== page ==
If you’ve traveled to Washington D.C. recently, you’ve probably noticed all of the construction cranes and the new residences being built. I mean, the area south of the US Capitol and the House of Representatives is absolutely booming with residences these days.
Ummm — where, exactly, is all the money to build the residences coming from? Answer: Silly question. The pockets of the American taxpayers, of course!
But — who, exactly, is residing there? Well, a report by CNS News has that answer.
When you measure the median household income, the five richest counties are all suburbs of Washington, D.C., according to the American Community Survey data released by the Census Bureau.
According to the American Community Survey’s new five-year estimates (2012-2016), the five richest counties in the country are: Loudoun County, Va., where the median household income was $125,672; Falls Church City, Va., where it was $115,244; Fairfax County, Va., where it was $114,329; Howard County, Md., where it was $113,800; and Arlington County, Va., where it was $108,706.
An additional four Washington-area counties made it into the Top 20: No. 9 Fairfax City, Va. ($104,065); No. 14 Montgomery County, Md. ($100,352); No. 17 Prince William County, Va. ($98,546); and No, 20 Stafford County, Va. ($97,606). That gave the Washington, D.C. area a total of 9 out of the 20 richest counties in the United States.”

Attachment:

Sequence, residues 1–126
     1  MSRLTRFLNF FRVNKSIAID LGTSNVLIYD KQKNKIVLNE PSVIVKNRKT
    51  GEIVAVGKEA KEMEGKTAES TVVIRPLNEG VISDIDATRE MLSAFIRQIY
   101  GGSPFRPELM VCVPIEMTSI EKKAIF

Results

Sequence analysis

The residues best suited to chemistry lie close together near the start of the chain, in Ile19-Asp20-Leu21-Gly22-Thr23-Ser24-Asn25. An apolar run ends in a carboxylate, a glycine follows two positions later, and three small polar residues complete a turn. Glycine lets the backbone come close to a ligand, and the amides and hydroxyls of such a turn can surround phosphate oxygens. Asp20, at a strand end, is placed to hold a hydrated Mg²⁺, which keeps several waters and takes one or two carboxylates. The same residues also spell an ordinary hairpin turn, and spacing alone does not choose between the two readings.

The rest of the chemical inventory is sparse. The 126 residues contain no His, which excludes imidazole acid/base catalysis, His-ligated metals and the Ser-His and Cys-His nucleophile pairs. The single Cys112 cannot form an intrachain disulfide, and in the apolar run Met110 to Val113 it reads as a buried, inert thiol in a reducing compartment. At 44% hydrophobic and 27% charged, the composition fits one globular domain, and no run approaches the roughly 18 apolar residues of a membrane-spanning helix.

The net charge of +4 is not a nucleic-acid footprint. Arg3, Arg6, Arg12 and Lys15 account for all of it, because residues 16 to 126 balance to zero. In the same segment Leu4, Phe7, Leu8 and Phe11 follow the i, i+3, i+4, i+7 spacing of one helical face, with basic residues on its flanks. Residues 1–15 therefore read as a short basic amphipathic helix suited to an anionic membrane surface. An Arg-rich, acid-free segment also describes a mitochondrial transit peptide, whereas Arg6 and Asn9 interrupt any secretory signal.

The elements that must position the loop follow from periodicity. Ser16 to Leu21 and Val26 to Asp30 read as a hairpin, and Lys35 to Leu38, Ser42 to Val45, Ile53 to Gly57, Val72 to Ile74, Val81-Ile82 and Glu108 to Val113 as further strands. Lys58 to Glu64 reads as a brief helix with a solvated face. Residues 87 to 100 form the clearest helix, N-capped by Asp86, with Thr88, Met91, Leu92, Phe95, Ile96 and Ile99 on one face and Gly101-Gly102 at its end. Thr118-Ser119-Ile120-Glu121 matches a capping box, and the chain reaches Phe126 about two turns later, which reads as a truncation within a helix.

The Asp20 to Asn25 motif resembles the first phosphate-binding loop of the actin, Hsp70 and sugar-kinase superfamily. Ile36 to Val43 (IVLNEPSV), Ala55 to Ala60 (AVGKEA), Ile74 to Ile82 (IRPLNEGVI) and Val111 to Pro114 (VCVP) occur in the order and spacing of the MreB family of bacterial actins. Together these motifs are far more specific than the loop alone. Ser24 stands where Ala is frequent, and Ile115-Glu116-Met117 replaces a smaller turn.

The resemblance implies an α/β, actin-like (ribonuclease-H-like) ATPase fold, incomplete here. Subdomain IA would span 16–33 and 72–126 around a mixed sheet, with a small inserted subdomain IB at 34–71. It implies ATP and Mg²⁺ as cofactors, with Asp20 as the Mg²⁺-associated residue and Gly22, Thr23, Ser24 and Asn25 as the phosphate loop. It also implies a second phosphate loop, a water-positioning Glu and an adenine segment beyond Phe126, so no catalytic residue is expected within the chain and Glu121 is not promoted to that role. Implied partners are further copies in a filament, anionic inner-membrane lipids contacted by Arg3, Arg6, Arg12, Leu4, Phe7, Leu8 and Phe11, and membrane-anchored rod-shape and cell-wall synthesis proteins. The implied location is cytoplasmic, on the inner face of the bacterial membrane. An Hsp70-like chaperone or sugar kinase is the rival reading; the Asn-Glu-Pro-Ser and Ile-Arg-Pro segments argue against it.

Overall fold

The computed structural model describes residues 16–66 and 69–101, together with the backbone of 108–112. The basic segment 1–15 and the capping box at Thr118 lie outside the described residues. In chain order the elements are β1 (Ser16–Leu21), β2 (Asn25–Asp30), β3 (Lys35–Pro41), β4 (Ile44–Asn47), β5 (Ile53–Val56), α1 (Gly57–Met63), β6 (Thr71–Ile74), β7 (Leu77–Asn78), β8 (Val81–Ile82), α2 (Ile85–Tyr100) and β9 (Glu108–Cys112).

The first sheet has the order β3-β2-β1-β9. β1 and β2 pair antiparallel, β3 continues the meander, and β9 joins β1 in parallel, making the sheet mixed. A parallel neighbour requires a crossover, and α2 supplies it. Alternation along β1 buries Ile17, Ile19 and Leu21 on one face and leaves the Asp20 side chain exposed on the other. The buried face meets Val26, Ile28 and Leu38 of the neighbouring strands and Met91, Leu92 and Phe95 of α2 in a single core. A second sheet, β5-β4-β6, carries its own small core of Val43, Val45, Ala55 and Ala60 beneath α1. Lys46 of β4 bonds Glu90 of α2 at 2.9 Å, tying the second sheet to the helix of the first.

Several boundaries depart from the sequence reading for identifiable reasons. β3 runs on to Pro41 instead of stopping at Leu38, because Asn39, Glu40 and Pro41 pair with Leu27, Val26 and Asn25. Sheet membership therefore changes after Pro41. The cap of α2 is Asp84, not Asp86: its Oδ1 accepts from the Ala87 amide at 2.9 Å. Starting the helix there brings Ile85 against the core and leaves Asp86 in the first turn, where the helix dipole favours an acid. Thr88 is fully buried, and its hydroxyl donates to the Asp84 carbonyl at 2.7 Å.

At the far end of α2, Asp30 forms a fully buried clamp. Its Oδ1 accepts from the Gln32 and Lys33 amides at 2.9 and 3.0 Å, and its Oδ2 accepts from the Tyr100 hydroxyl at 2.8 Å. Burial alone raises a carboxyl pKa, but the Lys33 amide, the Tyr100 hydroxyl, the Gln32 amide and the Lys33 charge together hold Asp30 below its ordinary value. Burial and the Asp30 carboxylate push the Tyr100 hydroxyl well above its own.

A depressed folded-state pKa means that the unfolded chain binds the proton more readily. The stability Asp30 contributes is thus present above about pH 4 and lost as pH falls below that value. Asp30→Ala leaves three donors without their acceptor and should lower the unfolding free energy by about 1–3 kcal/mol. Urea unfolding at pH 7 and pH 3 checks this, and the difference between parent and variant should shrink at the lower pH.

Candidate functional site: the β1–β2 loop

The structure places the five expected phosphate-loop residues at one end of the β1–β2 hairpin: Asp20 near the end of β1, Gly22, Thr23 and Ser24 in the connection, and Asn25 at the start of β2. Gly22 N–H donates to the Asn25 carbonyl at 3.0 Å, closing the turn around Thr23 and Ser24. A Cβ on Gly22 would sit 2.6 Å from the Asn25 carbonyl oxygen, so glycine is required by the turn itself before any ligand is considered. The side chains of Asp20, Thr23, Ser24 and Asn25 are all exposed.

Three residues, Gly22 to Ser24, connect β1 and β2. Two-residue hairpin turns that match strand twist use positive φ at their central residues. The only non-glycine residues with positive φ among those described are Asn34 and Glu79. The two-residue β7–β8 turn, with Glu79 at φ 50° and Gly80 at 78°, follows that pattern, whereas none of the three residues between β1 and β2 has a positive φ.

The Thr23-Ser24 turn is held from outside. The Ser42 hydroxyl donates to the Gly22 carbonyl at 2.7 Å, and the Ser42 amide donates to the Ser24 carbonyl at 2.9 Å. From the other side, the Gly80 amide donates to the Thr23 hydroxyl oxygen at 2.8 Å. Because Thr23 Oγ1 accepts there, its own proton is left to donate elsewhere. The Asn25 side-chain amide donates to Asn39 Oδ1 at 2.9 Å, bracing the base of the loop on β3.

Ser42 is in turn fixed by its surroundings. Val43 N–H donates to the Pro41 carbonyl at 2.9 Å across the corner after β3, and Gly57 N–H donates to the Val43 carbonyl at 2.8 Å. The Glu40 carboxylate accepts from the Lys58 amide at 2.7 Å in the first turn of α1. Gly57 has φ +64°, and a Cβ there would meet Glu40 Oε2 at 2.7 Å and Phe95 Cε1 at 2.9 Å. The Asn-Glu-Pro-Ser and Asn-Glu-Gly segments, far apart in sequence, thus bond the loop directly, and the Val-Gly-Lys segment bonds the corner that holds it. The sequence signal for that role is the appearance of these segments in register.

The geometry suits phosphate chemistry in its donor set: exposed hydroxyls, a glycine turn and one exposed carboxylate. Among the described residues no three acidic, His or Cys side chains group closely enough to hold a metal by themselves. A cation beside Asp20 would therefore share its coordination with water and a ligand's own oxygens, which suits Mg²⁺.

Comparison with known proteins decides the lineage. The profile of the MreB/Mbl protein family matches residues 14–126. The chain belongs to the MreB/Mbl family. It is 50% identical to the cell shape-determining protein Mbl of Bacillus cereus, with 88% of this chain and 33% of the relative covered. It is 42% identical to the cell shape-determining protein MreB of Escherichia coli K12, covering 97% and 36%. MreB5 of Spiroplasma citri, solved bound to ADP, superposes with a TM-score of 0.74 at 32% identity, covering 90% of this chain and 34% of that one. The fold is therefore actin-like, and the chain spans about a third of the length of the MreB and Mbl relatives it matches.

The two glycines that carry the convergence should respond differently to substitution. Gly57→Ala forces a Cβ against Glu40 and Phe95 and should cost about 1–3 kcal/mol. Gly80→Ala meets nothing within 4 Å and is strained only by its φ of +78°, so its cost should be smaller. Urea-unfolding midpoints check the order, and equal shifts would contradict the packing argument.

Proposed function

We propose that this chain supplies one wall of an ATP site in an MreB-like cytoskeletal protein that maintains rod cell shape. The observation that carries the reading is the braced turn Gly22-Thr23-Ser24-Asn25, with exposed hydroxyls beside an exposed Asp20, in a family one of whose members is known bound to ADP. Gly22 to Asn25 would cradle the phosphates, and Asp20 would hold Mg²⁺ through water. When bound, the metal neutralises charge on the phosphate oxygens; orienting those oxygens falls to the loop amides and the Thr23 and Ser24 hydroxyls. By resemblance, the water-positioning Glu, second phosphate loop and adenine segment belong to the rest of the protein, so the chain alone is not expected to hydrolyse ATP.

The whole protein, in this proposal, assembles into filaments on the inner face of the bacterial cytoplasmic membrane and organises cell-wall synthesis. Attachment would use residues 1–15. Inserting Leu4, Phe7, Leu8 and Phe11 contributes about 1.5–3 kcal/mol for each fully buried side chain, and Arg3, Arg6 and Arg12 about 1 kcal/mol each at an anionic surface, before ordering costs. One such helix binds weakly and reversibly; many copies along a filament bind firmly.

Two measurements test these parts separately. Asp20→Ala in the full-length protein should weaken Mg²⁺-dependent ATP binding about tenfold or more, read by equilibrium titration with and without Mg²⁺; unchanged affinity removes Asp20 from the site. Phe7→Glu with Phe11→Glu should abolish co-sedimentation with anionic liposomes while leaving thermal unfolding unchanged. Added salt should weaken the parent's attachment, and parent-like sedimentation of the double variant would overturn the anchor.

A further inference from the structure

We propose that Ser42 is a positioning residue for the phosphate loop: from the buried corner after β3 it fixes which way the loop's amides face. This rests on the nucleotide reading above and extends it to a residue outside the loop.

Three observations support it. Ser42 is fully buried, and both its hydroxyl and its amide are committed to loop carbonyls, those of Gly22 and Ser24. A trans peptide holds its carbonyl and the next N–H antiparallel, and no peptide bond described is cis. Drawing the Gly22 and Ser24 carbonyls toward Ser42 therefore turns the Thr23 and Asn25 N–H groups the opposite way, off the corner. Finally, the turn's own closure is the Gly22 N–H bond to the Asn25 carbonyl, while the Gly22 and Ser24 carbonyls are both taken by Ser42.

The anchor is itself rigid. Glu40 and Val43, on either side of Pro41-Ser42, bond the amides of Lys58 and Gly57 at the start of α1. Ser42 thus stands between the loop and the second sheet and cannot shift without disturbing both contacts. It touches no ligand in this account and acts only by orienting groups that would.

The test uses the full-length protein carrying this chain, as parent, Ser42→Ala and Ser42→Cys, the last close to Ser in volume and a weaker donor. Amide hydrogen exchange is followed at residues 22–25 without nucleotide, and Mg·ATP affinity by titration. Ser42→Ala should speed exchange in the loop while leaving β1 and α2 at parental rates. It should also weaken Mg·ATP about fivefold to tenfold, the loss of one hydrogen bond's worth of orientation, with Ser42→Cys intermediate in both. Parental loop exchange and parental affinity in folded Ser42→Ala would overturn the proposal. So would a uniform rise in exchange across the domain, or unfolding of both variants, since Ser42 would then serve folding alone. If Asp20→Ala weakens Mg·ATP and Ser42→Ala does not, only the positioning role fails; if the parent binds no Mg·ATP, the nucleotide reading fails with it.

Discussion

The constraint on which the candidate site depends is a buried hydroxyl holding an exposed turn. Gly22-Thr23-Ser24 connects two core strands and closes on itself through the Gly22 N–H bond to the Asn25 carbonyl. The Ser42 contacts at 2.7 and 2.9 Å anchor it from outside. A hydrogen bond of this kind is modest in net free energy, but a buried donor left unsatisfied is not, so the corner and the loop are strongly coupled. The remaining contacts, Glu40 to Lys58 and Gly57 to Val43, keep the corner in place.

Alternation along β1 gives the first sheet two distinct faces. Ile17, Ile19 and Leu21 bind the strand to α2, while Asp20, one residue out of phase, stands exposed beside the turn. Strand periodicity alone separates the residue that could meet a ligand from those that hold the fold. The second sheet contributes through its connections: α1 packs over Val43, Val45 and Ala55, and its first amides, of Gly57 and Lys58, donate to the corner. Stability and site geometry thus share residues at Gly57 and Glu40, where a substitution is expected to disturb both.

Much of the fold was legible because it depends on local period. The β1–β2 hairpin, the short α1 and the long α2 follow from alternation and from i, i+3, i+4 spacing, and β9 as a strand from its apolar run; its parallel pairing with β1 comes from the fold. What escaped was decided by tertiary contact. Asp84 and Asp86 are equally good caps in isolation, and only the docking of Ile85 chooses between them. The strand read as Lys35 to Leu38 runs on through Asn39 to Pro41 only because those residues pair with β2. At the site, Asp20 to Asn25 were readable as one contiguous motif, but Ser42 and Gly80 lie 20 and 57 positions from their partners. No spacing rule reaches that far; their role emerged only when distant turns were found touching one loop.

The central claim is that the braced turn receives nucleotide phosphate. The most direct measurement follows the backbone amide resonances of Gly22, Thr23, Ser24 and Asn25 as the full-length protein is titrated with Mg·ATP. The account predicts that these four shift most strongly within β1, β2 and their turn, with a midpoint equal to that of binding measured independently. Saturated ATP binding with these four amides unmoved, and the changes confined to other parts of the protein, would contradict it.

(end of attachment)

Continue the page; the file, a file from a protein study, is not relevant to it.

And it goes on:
Hmmm. Isn’t it oddly intriguing that the five richest counties in the United States are right there in the very Capital of the U.S., front and center at the seat of our federal government?
Nevertheless, the report goes on, saying:
“Five of the Top 20 richest counties were in northern New Jersey or New York: No. 6 Hunterdon County, N.J. ($108,177); No. 10 Morris County, N.J. ($102,798); No. 11 Somerset County, N.J. ($102,405); No. 12 Nassau County, N.Y. ($102,044); and No. 19 Putnam County, N.Y. ($97,606). Another three of the Top 20 richest counties were in California in the San Francisco Bay Area: No. 13 Santa Clara County ($101,173); No. 15 Marin County ($100,310); and No. 17 San Mateo County ($98,546).”
For those who are keeping tally as you made your way through the list of counties, it appears to be compiled of one blue state county after another (yes, Virginia is officially a blue state thanks to northern Virginia dominance).
How can this be, you say? Well, because that’s where all the one-percenters (yes, those pesky one-percenters that the Democrats always tell us about) are residing. Right there, all around our nation’s capital.
“The nationwide median household income in 2012-2016, according to the Census Bureau, was $55,322. That means that the income in the nation’s four richest counties—Loudoun, Falls Church City, Fairfax County, and Howard County—were all more than double the national median. The median household income in Arlington County, the nation’s fifth richest county, which sits directly across the Potomac River from Washington, D.C., was 96.5 percent greater than the national median.”
I tell you, it’s almost as if Hunger Games meets the real world here. Spending running rampant at “the Capital” just to keep it running, while the rest of the nation simply lives to serve it. Unbelievable.